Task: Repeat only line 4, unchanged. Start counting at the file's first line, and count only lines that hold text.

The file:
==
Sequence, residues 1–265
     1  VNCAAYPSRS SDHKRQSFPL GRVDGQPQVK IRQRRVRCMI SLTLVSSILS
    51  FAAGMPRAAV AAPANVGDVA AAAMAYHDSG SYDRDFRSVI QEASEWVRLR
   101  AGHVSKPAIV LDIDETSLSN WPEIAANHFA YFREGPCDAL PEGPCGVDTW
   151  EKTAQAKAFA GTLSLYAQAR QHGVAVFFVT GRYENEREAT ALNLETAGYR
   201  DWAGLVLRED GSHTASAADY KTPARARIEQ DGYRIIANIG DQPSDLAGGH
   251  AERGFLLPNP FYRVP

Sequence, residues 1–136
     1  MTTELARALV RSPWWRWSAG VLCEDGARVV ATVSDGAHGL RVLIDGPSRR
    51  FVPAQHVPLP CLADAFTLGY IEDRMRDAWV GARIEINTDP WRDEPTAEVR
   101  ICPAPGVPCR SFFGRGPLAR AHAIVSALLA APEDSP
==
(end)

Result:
   101  AGHVSKPAIV LDIDETSLSN WPEIAANHFA YFREGPCDAL PEGPCGVDTW